But in denying a Soviet reporter admission to Tulsa and Stillwater, the State Department reduced substantially the flow of news about this friendly meeting to the people of the Soviet Union, and thus nullified much of its effect. At the same time it gave Russian papers an excellent chance to point out, with flourishes of indignation, that the U.S. imposes censorship even on sports events. (The same papers could be counted on to leave out the fact that the Soviet Union started the whole thing.)
The Russians, on the other hand, managed their side of the affair more subtly. When Jeremiah Tax of SPORTS ILLUSTRATED applied for a Soviet visa in order to accompany the American basketball teams to Moscow, he received, day after day, courteous explanations and firm promises, but no visa. The basketball teams flew off without him. Finally the visa came through—hours before the opening game in Moscow, and too late to be useful. Only the Russians actually know whether Tax's visa was delayed in retaliation for Saveliev's being kept out of Stillwater and Tulsa, but a good many Americans will think that the Russians did it—what's the phrase?—"just to be ornery"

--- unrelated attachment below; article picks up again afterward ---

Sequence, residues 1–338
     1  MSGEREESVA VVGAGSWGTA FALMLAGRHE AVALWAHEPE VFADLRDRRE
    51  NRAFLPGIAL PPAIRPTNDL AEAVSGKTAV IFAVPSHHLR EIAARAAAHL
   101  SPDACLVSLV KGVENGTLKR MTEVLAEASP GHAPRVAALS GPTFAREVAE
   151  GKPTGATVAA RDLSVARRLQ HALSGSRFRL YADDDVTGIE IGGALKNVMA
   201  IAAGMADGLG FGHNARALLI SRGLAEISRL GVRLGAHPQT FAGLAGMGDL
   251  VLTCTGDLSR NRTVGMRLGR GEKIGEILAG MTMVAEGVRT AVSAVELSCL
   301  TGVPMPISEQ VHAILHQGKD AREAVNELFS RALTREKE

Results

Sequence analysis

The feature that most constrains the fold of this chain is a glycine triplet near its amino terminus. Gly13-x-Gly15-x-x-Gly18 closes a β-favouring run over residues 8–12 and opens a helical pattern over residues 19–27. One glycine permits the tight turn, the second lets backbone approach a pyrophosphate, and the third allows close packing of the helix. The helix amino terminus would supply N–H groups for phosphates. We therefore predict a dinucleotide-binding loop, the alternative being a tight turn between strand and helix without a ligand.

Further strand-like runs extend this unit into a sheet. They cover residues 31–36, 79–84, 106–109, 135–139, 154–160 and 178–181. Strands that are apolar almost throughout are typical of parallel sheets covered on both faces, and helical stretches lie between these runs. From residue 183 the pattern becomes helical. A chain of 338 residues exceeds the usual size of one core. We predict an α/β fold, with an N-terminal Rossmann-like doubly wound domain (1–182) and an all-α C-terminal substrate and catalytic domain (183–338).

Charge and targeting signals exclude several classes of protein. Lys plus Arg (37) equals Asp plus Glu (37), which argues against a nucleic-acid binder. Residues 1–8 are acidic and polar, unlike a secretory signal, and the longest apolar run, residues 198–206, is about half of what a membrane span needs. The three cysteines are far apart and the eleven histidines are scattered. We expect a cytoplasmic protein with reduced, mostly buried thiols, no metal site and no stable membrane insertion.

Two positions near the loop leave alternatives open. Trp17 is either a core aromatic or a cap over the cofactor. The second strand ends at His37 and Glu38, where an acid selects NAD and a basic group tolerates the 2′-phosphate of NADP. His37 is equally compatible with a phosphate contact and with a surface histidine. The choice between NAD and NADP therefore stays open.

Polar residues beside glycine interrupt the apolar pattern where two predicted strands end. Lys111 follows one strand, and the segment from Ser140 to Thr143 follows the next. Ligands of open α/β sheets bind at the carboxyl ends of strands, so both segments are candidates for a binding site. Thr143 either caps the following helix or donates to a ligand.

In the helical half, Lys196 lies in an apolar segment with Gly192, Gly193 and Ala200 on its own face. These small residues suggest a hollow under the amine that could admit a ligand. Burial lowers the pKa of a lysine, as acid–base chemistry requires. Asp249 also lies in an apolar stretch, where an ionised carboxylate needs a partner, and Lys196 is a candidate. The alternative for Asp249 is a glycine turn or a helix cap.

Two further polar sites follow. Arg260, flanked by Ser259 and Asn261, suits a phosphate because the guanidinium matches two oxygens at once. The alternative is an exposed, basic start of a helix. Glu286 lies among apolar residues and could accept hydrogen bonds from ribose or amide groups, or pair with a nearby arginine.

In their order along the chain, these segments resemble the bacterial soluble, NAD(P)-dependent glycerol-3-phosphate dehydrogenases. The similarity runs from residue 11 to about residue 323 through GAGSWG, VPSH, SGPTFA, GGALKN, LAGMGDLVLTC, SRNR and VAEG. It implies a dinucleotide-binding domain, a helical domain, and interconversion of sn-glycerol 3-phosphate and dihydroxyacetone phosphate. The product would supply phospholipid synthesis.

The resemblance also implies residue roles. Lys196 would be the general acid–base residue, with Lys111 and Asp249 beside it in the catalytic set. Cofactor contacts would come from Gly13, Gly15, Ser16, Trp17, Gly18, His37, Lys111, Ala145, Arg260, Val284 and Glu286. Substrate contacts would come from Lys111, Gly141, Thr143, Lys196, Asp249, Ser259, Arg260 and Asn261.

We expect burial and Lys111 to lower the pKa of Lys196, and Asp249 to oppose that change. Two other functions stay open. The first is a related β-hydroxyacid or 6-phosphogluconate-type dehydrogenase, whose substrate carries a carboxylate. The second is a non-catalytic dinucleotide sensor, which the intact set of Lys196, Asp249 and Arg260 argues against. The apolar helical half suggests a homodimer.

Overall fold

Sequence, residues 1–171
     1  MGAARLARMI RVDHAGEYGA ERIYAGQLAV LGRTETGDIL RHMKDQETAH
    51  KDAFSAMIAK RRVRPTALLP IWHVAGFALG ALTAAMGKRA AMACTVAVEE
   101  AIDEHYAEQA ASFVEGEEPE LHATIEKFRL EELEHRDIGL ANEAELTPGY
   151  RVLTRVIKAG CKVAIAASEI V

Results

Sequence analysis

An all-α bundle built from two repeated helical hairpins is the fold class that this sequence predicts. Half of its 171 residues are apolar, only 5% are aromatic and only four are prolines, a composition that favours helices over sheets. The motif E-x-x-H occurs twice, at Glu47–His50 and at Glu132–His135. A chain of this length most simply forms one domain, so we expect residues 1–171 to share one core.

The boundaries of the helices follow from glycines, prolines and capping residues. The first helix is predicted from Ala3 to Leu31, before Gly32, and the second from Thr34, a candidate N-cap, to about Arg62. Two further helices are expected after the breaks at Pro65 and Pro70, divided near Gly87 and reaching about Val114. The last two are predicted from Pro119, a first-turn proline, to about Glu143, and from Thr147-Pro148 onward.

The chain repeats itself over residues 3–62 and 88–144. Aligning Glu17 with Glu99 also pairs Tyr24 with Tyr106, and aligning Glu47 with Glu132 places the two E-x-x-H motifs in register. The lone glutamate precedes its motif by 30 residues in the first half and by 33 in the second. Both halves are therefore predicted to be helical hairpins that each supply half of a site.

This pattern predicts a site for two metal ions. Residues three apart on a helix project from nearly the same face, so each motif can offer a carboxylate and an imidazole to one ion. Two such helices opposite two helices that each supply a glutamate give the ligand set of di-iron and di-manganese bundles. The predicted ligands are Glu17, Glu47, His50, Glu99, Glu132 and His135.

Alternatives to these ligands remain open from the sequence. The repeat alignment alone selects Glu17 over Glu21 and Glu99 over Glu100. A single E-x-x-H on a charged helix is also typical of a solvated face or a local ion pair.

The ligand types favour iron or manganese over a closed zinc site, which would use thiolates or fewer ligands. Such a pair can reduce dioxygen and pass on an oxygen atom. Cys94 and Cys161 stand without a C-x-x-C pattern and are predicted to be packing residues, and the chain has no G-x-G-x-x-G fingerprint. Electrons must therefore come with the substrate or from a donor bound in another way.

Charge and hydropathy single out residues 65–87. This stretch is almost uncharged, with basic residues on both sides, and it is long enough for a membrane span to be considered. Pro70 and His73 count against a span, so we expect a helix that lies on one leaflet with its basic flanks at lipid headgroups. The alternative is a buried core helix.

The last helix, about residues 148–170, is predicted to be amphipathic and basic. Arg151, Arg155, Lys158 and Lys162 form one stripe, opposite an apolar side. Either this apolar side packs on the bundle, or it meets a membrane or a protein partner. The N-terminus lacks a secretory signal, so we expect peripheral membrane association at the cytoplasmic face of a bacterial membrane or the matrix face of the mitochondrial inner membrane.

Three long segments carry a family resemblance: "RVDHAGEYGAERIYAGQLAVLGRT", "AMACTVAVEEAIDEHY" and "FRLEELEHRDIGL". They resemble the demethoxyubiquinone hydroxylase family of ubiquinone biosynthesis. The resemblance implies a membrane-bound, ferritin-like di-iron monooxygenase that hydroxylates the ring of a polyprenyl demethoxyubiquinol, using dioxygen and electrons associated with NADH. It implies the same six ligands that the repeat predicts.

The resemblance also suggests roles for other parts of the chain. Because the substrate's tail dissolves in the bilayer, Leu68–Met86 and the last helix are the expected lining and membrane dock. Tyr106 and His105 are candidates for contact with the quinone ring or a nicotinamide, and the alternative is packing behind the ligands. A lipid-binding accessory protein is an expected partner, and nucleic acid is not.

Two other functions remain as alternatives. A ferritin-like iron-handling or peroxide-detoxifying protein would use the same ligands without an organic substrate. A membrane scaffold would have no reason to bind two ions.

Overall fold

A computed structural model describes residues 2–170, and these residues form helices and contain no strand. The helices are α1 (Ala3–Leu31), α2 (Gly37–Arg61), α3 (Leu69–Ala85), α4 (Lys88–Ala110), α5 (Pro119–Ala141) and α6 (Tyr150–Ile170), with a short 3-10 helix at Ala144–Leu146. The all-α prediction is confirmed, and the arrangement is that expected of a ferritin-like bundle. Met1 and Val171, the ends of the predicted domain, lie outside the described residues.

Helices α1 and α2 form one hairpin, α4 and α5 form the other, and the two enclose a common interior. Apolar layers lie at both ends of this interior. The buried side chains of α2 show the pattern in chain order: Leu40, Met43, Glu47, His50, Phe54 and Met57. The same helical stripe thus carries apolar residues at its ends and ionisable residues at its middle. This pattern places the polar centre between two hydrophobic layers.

"Dreams and illusion are no strangers to the Giant fan. Those passionate partisans following the fortunes of the old New York team through 68 years at the Polo Grounds had often to retire into roseate imagination to keep the faith, but keep it they always did, whether their team was in first or last place.
Last week, the Giants were once again in first place, and to many a still loyal New York fan it was easy to imagine that they were still comfortably established at the old stand instead of far-off San Francisco. For the deserted New Yorkers this illusion was happily abetted by a hardworking broadcaster named Les Keiter, who recounted the feats of the Giants over New York station WINS as if the boys were right next door.
The tools Keiter uses to work his illusions are simple and few. They consist of only a handful of record books, a drumstick, a block of wood, two recordings of noisy crowds (one calm, one excited), a curt play-by-play account of a game by Western Union wire and a vivid imagination. Transmitted directly from Seals Stadium, the Western Union coverage is torn from a teletype machine and handed by the half inning to Keiter as he sits in the studio. It presents only the barest bones of the situation.
Sample: LONG UP BATS LEFT, S 1 C (for strike one, called). But that's plenty for Keiter.